What Is Goods-In-Process?
Goods-in-process is part of an inventory account on the balance sheet of a manufacturing company. It relates to partially completed goods that are somewhere in the manufacturing process and not yet ready for sale.
Goods-in-process is also known as "work-in-process" or "work-in-progress."
- Goods-in-process is the cost of unfinished goods in the manufacturing process, including labor, raw materials, and overhead.
- It appears as a current asset on a company's balance sheet alongside the other two manufacturing inventory classifications: raw materials and finished goods.
- Once production commences on the raw materials, they are transferred to the goods-in-process account. Then, when the work is complete and the item is ready to be sold, they appear in the finished goods account.
- If a company engages in high production volumes of whatever it makes, the goods-in-process sub-account should carry the smallest amount.
Unlike some other companies, manufacturers physically produce their inventory, sourcing raw materials, and then moving them into production or assembly mode until they are completed and ready to sell to customers.
Accounting rules demand a breakdown of this process, requiring these companies to keep separate accounts for the goods they stock as they enter each stage of production.
Goods-in-process is one of three manufacturing inventory classifications and can be described as an intermediate state between the other two: raw materials and finished goods. Inventory, a current asset on the company's balance sheet, is the total of the three states of production.
The numerical accounting for goods-in-process at the end of any period is the beginning balance of good-in-process, plus the value of raw materials transferred into the account, minus the ending balance of goods-in-process. Included in this account are costs of direct labor and material, as well as an allocation of manufacturing overhead.
Goods-in-process reveals the raw materials, labor, and overhead costs incurred for products that are at various stages of the production process.
Once production of these goods is completed, they are moved to the finished inventory account and then, later on, registered as cost of goods sold (COGS). Typically, the goods-in-process sub-account carries the smallest amount among the three inventory classifications if the company engages in high production volumes of whatever it makes.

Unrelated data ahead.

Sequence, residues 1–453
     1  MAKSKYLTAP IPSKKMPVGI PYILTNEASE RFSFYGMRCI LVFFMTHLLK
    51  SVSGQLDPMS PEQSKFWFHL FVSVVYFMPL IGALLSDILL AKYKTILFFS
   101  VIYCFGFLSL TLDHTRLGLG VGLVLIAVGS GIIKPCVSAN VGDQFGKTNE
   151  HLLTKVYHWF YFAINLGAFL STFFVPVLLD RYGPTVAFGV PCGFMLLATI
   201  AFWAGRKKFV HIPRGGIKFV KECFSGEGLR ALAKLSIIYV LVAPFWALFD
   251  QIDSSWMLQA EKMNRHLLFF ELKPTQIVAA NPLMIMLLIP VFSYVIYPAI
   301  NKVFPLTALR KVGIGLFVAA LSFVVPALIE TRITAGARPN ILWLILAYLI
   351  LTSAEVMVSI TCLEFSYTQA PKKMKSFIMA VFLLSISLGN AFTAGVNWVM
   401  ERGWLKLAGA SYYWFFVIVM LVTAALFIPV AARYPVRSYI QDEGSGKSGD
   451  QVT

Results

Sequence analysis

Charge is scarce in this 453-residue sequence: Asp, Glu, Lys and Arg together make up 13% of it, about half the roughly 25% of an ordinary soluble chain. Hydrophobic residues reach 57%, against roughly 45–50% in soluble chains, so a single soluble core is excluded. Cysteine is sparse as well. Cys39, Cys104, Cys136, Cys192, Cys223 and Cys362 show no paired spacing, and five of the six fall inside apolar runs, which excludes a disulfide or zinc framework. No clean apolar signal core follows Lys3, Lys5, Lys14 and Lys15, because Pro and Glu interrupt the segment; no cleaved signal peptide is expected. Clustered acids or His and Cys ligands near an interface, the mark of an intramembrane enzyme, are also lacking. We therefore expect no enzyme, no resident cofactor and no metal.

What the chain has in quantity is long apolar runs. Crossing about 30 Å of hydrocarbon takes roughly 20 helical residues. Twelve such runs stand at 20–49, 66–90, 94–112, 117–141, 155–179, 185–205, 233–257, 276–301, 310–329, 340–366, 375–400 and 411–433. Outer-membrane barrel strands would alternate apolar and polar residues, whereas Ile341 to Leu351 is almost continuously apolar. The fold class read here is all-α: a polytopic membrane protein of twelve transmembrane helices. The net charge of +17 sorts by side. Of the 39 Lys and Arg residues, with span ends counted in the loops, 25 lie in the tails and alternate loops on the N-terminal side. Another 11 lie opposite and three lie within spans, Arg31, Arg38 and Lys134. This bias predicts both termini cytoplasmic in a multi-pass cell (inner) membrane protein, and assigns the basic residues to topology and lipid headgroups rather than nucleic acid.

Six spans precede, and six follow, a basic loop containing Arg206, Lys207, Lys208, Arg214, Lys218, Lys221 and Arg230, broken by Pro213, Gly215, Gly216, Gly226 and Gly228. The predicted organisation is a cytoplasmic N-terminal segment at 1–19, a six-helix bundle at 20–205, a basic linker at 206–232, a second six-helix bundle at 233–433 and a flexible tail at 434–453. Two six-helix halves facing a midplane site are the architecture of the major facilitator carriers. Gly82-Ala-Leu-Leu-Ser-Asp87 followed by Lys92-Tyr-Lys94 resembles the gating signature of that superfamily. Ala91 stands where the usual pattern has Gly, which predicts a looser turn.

Example of Goods-In-Process
Deere & Company (DE), a manufacturer of farming, snow removal, lawn mowing, and construction equipment, purchases raw materials, mainly consisting of steel products, steel, and iron castings, forgings, plastics, electronics, and ready-to-assemble components, on a regular basis. Once these materials are shipped in, factory floor, machinists and assembly line workers begin to fabricate equipment out of them to sell to the company’s customers
As soon as work commences on the raw materials, they are transferred to the goods-in-process account. That remains the case until the materials are transformed into the completed item, at which point they are then moved across to the finished goods account.
For its 2018 fiscal year (FY), Deere & Co. recorded an inventory value of $6.1 billion. In the note to its financial statements, this figure was broken down into $2.2 billion in raw materials and supplies, $0.8 billion in goods-in-process, or work-in-process, and $4.8 billion in finished goods and parts.
After a $1.6 billion adjustment to "last-in, first-out" (LIFO) value, the inventory account totaled $6.1 billion. Note that the goods-in-process sub-account is a minor fraction of the total.
Benefits of Goods-In-Process
Changes in goods-in-process can tell us a lot about how a company is faring. An uptick could indicate a rush to the factory floor to cater to an increase in demand for the company’s products. That’s generally a good omen for shareholders, and, when widespread, the overall economy.
Decreases are generally viewed less favorably. What they tend to signal is a slowdown in production, reflecting weakening demand.
Investors should seek to determine how a company measures goods-in-process and other inventory accounts. Accountants sometimes employ different calculation strategies, so goods-in-process are not always comparable across companies.